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SOX in the City - Preparations for Audit

As I was going through some of my documentation at past clients, I found my summary of the general SOX compliance considerations in preparing for an internal audit for Database Servers.  I thought maybe it could be helpful to some folks who need to whip their servers into shape, and adhere to best recommended practices that would put you in compliance, whether or not SOX rules apply to your company.  While the below checklist does not get into some of the technical methods to facilitate in auditing your database environment, it puts forth the considerations that us as DBA's need to consider and think about if asked to provide assistance in audit & compliance.  Perhaps in future blogs, I will present some scripts and links that will supplement the below checklist.

Summary: The criteria in this summary are meant to serve as a general guideline to follow in drafting our database compliance policy.  We must aim to adhere to the general principles of SOX compliance (as broadly defined), but more importantly follow precedence of other public entities.  Specifically, we define our policies, document them, adhere to them, and enforce them.  This entire process is in effect self-contained, - “say what you do and do what you say.”  Auditors look for this consistency in ensuring our compliance and applying these rules.

 

For example, document what the access rights are and who needs them and then have a trail of it by having a record of someone being granted access, whether via email, a log, (electronic or print ), or some auditing system/database that notes when you grant access.

  • Control access to the database environment. 
    • Only give people the bare minimum rights necessary.
    • Have access authorized (you may need an approved list of authorizers), and keep copies of the authorization.  No developer access to production without proper approval, documentation and expiry.
    • Review access regularly, and have it re-authorized.
    • Treat generic or service accounts like people, and don't give them too much access.  Control who knows their credentials, and keep a catalogue of these accounts and functions. 
  • Segregation of Duties
    • This is a tough one, but make sure that no one has too much access such that they can modify the production system without having to ask anyone for permission. 
    • Try to keep control over the production and test environments separate.  This forces people who prepare a change or new release to seek approval, and show their homework is done before they can release their change.
    • There will always be someone with full control over a system, so make sure their actions are monitored
    • Review segregation of duties regularly.  Consider it for every process or rights assignment you have. 
  • Change Management
    • Don't let anyone authorize and/or implement changes they initiate.
    • Allow the DBA the right to refuse any implementation that does not have proper documented authorization.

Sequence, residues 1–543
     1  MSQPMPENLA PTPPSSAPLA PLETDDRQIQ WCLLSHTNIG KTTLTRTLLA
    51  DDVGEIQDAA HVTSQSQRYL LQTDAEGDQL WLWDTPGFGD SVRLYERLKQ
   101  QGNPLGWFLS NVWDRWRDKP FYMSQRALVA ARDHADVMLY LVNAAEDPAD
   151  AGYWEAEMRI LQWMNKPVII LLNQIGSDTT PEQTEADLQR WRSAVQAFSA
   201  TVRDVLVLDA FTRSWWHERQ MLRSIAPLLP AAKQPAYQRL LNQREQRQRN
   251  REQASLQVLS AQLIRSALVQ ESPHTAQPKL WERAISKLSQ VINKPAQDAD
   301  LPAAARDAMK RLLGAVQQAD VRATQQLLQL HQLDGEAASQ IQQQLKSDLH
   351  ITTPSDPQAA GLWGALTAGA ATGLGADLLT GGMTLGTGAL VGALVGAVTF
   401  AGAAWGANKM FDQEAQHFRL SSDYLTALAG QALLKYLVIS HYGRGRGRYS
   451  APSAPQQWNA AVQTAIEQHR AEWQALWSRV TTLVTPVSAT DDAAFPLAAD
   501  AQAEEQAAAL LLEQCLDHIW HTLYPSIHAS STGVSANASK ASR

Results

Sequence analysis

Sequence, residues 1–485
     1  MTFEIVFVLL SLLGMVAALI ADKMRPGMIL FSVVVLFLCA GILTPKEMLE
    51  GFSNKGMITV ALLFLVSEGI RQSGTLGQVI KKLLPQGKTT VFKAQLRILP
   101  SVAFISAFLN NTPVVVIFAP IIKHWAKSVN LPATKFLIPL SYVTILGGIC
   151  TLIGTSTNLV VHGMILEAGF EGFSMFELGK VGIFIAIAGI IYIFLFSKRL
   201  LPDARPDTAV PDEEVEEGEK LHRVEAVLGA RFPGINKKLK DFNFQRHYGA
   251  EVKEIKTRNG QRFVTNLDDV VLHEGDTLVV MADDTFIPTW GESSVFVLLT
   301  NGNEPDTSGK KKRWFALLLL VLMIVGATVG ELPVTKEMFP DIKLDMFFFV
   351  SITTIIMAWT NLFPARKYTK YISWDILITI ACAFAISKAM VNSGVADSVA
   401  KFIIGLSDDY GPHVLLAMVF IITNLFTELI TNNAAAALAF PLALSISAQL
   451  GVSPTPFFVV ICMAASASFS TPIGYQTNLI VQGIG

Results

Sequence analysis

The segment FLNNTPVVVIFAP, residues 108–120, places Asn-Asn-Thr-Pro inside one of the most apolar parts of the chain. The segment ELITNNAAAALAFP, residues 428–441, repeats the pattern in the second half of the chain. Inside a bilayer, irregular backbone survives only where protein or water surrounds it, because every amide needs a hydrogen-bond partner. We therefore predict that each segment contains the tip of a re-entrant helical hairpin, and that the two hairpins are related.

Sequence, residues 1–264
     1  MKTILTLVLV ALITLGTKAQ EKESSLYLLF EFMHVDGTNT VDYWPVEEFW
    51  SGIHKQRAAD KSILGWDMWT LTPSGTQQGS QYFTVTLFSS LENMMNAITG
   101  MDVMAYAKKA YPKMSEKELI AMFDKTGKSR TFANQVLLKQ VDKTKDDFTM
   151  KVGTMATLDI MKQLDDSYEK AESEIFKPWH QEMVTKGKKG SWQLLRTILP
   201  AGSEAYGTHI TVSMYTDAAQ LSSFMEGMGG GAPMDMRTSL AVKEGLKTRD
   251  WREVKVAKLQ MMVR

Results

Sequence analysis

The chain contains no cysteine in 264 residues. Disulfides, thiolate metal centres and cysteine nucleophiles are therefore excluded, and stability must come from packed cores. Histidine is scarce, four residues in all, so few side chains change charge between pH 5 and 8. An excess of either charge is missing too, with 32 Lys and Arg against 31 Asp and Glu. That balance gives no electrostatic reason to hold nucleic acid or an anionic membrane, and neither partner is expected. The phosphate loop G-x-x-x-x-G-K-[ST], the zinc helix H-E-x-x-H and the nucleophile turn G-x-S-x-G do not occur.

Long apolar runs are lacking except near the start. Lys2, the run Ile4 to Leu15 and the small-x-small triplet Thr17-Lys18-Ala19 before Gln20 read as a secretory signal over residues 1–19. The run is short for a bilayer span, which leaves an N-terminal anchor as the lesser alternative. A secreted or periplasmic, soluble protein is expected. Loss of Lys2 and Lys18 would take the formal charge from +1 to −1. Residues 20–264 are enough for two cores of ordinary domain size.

• Do not make record level changes to application data unless fully authorized, justified and documented.  These kinds of changes often help users out of a jam, but they go completely around the application controls.  Denying users this ability might lead to better business process in the end, and get you off the hook for problems that might crop up from such changes.
    • Document the day-to-day configuration changes you make.
  • Monitoring
    • You may be able to trade off some segregation of duties concerns if you are able to provide strong monitoring of actions.
    • DBA activity should also be included in any monitoring process, and documented.
    • Audit Schema/DDL changes to datatabase objects, structures, and login/user creation.
    • Follow-up all issues discovered in the monitoring process.  Regular and/or ad-hoc reporting, and alerts.
  • Backup/Recovery
    • Have processes written for both.  Test them regularly.  Document the testing.
    • Review backup logs, and document the reviews to show that you're looking at them.  You don't want to be caught saying I check them every day, and they're fine.  If the auditor finds an unreported error, their trust in what you say will take a hit.
    • Review backup schedules, and make sure they represent current agreements with your business units.
  • SQL Code
    • Make sure access to SQL code (triggers, stored procedures, anything additional used in DTS/SSIS packages) is controlled.  Do not make the code or schemas accessible to anyone who does not have a legitimate need.

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Comments

Posted by Anonymous on 23 August 2009

Pingback from  Bookmarks for August 23rd | Brent Ozar - SQL Server DBA

Posted by Anonymous on 23 August 2009

Pingback from  Valuable Internet Information » SQL Server Central

Posted by Hugo Shebbeare on 24 August 2009

Thank you Master Pearl for the great checklist, not many step out to elaborate you have.

I've posted on this subject early on this year also: www.sqlservercentral.com/.../the-importance-of-the-segregation-of-duties-with-respect-to-internal-controls.aspx

I often refer to the segregation of duties as also the required physical divide between the developers and production database administrators. The latter being the required 'fresh eyes' hoop before volatile code shows up in production.

Posted by Anonymous on 24 August 2009

Pingback from  The Importance of the Segregation of Duties with Respect to Internal Controls - The Database Hive for SQL Server DBAs

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